I don’t know if this is a global thing, but when the end of the year approaches the radio stations, The Netherlands goes chart crazy. Most radio stations start their countdown to the greatest song of all time. Usually, it’s the public’s favorites – voted for by listeners. And almost annually, one song tops the charts: Queen’s “Bohemian Rhapsody”.
The Story Of Bohemian Rhapsody
I’ve often wondered about this song. I know radio formats is a recent thing, but somehow, I think the song wasn’t considered radio friendly in 1975 either. First of all, I think it’s over 5 minutes long! So, I’ve often wondered if what the record company really thought when they heard the song. Did they initially turn it down? How did this remarkable record become so popular?
It’s such a pleasure researching the history of this song. I knew the song was a break through record for Queen, but “Bohemian Rhapsody” was actually supposed to be their very first single – Wouldn’t that have been a great debut?! The record company thought it was too risky and released two other singles first.
A Good Song Is Never Too Long
And yes, the record company suggested an edit to cut the length of “Bohemian Rhapsody”. It’s been reported that even Elton John thought the song would never get on the radio due to its length. However, a radio DJ told Queen not to change anything. In fact, the very same DJ played the song 14 times over one weekend and the rest is music history. It’s the second most played song on British radio of all time.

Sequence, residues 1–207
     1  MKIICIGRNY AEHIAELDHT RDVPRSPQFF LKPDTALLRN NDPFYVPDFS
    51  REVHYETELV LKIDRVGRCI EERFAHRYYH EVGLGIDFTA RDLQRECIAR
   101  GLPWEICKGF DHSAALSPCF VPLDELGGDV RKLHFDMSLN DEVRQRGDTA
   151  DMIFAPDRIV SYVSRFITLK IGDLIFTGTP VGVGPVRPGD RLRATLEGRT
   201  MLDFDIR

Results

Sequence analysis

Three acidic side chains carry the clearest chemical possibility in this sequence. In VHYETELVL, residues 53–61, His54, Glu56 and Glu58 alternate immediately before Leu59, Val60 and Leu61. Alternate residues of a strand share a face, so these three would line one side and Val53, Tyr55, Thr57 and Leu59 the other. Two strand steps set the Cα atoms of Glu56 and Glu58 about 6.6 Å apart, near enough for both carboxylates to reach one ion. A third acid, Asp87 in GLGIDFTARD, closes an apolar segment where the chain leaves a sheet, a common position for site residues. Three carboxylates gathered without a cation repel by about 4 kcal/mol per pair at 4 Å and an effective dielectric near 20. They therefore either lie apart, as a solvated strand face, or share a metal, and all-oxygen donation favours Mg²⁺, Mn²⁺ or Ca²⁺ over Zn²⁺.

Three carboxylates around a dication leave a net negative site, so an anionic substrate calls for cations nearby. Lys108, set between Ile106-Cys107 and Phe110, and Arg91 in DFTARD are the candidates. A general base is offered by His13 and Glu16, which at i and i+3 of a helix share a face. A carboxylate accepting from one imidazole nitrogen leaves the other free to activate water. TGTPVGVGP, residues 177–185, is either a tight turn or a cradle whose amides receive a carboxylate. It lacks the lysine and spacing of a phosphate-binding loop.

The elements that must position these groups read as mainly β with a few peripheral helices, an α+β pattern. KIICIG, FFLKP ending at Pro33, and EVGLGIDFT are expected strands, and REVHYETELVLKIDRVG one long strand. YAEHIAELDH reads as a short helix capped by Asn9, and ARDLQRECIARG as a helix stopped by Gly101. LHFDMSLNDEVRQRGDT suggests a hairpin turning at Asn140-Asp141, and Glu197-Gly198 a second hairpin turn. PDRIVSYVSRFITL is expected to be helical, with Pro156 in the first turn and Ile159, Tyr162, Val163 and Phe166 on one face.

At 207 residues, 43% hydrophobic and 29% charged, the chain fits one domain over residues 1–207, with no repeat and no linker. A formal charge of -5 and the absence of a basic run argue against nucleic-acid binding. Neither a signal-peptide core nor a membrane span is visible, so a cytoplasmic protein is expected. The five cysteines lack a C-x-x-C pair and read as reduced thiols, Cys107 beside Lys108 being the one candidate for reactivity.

In the UK, the song reached the number 1 chart position. In the US, it reached number 9.
Stack The 180 Vocals
All the vocals all come from (three!) Queen members. They kept recording vocals over and over again (a process called dubbing). In the end, they had 180 vocals!
Back then, this was all done on tape. Tape literally worn out at the end of the recordings. Apparently, it was so thin it was see-through.
12 Weeks of Recording
The technique was very innovative for those days (while it’s currently done for almost all pop songs). It made the song the most expensive production of that time. All together, the band took 6 weeks to record it; 3 weeks of practice and 3 weeks of recording!
The Song Had No Video
I think the video is as iconic as the song, but that famous head shot of the group didn’t actually come from a planned video shoot. Queen shot this for the UK chart show Top Of The Pops, because the song was just too difficult to perform on a TV show. I guess that explains why there aren’t any promotional performances for this song.
The video was the first video that became more popular than the song. In a way, Queen were ahead of their time and paved the way for the video star. No wonder The Muppets chose this song to be their first YouTube video ever!
Oh, And By The Way…
In the UK, the song gave up its number 1 chart position to Abba’s “Mamma Mia”…. How ironic.